lights off lights on
---------|------------|---------------
actual regen.

d*mn. Lets try this with pre and H6

----------> deceleration increases lights off lights on ---------|------------|--------------- actual regen.

Timo, with a due respect, I think it is extremely hard to judge these kinds of things from video, and until we have first hand experience, any debate or critique is pointless. Tesla has shown that they are not technologically naive, and I'm sure they have heard of a hysteresis before.

I obviously don't have any experience about Model S, but in the video I saw the lights "flicker", which means that either there is no "hysteresis" or that driver in front of the chase car had really restless accelerator foot. Or did rest his/her other foot onto brake pedal. Pressing that should obviously light up brake lights immediately. Anyway, it looked weird.

Or it's a video artifact because the frame rate of the video interferes with some properties of the light source. Do you really believe that the wheels slowly turn backwards when it looks like it on video?

Some newer cars have two stages of brake lights: The regular brake lights that come on during normal driving, and some kind of "super brake light" that indicates really hard braking. On a BMW, e.g., the "super brake light" quickly pulses to unmistakably warn drivers behind the car. I haven't heard of it but I wouldn't be surprised if Tesla had a similar feature. Maybe that's what you saw?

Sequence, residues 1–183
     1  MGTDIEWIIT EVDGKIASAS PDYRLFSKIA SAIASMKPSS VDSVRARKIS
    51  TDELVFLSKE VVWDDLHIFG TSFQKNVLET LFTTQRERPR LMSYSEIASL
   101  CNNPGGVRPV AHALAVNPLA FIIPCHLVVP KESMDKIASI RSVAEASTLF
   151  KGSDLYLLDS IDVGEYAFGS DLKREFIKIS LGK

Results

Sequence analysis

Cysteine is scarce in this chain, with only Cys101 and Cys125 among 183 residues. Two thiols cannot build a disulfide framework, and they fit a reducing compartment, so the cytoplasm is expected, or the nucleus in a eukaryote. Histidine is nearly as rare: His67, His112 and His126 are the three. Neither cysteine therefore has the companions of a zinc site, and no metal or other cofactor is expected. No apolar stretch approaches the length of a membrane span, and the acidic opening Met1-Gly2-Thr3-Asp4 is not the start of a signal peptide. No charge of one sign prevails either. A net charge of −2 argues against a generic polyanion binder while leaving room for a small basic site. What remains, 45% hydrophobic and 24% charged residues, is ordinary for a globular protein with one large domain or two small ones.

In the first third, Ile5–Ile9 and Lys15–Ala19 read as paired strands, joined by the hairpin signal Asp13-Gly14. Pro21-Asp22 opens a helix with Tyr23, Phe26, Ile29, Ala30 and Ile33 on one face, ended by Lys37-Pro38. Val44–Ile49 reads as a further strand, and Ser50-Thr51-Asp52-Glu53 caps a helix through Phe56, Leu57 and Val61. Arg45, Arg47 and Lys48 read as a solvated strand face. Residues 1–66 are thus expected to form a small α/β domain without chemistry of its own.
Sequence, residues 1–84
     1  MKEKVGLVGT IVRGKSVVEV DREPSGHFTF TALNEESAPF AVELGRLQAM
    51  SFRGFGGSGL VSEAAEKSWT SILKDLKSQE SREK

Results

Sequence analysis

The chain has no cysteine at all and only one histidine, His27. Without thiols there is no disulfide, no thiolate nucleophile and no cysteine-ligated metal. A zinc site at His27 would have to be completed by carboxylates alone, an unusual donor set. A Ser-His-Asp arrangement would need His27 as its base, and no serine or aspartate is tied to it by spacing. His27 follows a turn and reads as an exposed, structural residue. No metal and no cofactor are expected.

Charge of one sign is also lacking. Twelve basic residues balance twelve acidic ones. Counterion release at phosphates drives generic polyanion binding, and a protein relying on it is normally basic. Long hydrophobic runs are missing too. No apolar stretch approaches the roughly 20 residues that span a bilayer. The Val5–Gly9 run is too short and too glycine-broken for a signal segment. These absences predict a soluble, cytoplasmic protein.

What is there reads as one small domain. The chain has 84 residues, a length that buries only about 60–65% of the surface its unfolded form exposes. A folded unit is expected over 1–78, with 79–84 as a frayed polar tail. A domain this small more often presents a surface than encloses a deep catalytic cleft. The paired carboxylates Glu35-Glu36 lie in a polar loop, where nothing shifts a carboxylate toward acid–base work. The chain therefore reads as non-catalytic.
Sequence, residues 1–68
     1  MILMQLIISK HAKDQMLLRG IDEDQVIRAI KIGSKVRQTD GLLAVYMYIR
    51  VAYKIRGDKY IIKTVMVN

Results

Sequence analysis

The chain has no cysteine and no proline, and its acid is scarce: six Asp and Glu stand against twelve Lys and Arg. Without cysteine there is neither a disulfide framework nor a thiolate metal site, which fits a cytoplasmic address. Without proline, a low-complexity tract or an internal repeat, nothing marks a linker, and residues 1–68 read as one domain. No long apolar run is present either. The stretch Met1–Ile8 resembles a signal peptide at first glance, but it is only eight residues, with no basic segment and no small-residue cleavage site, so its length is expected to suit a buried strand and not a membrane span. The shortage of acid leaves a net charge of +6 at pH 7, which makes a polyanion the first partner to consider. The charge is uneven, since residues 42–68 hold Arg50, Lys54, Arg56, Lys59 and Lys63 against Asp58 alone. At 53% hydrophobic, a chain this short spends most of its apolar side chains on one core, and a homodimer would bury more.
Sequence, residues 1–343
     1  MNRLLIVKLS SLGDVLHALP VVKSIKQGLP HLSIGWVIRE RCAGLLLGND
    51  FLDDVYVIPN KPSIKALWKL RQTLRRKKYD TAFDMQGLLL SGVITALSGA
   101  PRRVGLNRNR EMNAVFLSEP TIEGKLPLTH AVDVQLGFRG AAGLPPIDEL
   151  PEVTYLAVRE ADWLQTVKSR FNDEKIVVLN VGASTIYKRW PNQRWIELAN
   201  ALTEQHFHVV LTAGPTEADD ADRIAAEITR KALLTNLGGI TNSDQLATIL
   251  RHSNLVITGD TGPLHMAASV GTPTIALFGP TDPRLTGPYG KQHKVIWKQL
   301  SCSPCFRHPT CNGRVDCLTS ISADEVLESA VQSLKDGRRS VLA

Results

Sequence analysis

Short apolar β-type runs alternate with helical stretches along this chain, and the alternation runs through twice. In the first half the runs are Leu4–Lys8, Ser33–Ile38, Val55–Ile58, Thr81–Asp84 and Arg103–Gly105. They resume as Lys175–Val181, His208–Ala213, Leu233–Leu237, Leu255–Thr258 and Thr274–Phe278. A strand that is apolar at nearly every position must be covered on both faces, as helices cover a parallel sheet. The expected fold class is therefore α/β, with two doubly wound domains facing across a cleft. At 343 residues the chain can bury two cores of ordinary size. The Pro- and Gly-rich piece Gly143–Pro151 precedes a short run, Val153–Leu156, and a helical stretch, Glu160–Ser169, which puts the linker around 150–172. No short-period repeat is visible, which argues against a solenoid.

It wasn't steady flicker, and when the car actually brake lights were solid. If it were a video artifact then those lights should have flickered then too.

OTOH it could have been "prototype -issue", because IIRC it didn't light up entire back light area either, only the area that is in "bumper" not in the boot, and (again IIRC) people here have said that final product does light up entire back of the lights. It was video of one of those early "get amped" test drives if I remember correctly.

This should answer your question Timo: what is the trigger for the brake lights? I remember reading (although I forget where exactly) that the brake lights aren't triggered by regen kicking in, but by the cars accelerometers indicating deceleration. Depending on the components and levels used, there could be a 'neutral' speed that could trigger a flickering of the brake lights as you describe.

I'd actually prefer amber for regen, red for actual braking.

Brian H, I don't see any of your notorious smileys. You must be kidding.

@ Brian H

Agree on the Amber for regen, red for actual braking, or maybe when the brake pedal is applied, a rapid flashing of the red brake lights and then steady.

No car has amber brake lights at this time, so this will confuse drivers. Not a good plan.